Rayland Baxter likes to twist his sound. His earliest work comes from a singer-songwriter tradition, with a bit of folk and Americana worked in. Each album has broadened Baxter’s style, incorporating rock and pop touches. With the new album If I Were a Butterfly, he continues that direction for his most sonically ambitious album. The expansion makes for exciting and curious listening but also leads to a record that feels scattered. Baxter seems to be looking for his new sound, and while he hasn’t sacrificed lyricism or hooks in the process, he has lost cohesion.
If I Were a Butterfly opens with the title track and a recording of his childhood self singing (young Baxter and sister Brooke appear throughout the record). It morphs into an easy funk number meditating on the brevity of life and relationships, finding a desire to be a butterfly that can simply fly away. The audio carries the weight here, with Baxter asking, “Why do we live and die? Why are we together tonight?” The questions may offer some catharsis, but Baxter never digs into them. Plenty happens in the sound of the song, but it never quite makes the kind of statement it could.
Much of If I Were a Butterfly has a similar effect. Baxter’s work in the studio has made a noticeable jump, and hearing new sides of him proves to be rewarding. The bells and whistles (sometimes literally) add all sorts of textures, but they exist solely for themselves. Baxter’s increased the limits of what he can do as a producer, but it’s left him wandering at times, as on the tedious “Buckwheat”, which doesn’t know where to go.
At its best, though, Baxter stays focused on his core strengths. With “Tadpole”, he delivers a beautiful not-so-simple piano ballad. Baxter looks back on his childhood but with a mix of nostalgia and honest concern. He’s not sure what to make of his life since then and his vocal, happily unadorned, provides vulnerability on a record that can make too much of its trappings.” My Argentina” closes If I Were a Butterfly with the same approach, hinting at his Randy Newman side, adding a touch of strings to emphasize the missed opportunity.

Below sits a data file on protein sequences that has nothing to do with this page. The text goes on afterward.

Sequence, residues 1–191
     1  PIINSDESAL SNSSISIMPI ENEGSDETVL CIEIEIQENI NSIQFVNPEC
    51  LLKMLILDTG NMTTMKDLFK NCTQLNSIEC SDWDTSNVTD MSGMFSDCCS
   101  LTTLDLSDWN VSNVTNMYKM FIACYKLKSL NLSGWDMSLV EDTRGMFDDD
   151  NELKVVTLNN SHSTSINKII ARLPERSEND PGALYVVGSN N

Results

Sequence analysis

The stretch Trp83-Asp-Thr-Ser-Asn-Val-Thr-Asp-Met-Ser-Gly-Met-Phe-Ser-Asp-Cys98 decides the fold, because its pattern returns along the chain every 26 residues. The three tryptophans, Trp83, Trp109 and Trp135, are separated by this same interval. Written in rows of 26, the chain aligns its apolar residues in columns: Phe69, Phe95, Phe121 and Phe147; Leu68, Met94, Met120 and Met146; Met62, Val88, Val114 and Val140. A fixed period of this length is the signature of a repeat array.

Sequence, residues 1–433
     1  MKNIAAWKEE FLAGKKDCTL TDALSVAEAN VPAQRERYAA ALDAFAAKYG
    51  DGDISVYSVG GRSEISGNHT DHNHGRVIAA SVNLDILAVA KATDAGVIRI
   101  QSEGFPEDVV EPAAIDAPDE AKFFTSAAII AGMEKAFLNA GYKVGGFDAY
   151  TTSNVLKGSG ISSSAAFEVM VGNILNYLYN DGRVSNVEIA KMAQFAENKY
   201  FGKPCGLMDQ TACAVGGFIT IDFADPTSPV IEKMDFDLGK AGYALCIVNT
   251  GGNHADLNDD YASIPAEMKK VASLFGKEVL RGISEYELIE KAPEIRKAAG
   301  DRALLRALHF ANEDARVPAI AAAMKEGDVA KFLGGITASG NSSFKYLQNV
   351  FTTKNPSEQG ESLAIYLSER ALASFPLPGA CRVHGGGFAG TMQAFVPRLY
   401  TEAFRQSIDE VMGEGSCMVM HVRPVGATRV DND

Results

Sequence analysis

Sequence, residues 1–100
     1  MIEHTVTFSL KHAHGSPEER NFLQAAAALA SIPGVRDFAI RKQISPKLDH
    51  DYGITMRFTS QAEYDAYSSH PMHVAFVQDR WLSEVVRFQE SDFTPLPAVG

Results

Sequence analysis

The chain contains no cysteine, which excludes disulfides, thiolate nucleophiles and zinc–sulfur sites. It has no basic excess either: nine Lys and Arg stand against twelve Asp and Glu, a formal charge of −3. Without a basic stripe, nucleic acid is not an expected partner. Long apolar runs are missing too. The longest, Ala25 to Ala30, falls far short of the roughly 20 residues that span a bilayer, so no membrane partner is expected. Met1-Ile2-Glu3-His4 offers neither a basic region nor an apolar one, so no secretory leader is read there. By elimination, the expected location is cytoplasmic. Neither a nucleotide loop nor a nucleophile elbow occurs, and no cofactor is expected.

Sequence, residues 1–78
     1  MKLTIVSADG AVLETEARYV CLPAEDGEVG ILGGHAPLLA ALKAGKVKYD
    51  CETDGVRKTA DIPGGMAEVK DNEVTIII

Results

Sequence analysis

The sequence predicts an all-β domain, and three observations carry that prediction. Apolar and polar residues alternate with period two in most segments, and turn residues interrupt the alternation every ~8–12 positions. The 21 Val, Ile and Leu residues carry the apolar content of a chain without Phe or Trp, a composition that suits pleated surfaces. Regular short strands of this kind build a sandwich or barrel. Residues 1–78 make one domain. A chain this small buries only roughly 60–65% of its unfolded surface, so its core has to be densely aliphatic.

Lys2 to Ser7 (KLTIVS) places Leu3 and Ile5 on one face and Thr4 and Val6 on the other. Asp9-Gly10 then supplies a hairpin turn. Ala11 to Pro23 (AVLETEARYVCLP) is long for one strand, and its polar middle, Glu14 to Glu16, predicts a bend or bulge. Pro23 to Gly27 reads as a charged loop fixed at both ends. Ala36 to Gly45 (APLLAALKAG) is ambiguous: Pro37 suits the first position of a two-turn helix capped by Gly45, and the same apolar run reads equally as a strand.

Baxter’s best job synthesizing his experimental ideas and pure songwriting comes in “Billy Goat”. He looks at the dissolution of a relationship with a certain bitterness, the studio effects adding to the confusion of a breakup. Simply singing “Sore throat / Billy goat” captures so much of what must have happened between the couple over the past few days. When a harmonica appears to disjoint the track, it points to the turmoil of the moment without sapping the song of its forward momentum.
Not all of If I Were a Butterfly works so well. Baxter’s pop songwriting carries most of the songs well enough that fans will likely be satisfied, and there’s always something encouraging about an artist finding new ground. These ten tracks show energetic attention to both writing and sonic detail, and if they don’t always work, they at least point to Baxter’s driven creativity. It’s impossible to know if this record is pointing toward a new work or a detour, but it likely opens a new era for the songwriter.